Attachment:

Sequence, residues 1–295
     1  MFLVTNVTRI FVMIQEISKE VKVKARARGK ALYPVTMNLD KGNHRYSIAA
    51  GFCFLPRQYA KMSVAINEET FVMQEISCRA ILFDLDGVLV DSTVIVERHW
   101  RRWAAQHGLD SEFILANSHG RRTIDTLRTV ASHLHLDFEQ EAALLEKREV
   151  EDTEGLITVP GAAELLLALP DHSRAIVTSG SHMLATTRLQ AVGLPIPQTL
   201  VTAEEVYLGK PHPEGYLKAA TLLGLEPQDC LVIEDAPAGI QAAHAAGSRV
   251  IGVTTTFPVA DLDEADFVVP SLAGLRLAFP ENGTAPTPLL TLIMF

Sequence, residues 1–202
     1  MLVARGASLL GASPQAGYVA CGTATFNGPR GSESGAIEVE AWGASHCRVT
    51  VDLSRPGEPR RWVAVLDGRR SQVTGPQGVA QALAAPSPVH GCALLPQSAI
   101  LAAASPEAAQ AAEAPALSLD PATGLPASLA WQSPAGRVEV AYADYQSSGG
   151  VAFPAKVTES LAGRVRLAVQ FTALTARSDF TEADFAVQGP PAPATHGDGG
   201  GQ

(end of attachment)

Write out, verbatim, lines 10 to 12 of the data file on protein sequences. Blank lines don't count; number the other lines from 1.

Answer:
    51  VDLSRPGEPR RWVAVLDGRR SQVTGPQGVA QALAAPSPVH GCALLPQSAI
   101  LAAASPEAAQ AAEAPALSLD PATGLPASLA WQSPAGRVEV AYADYQSSGG
   151  VAFPAKVTES LAGRVRLAVQ FTALTARSDF TEADFAVQGP PAPATHGDGG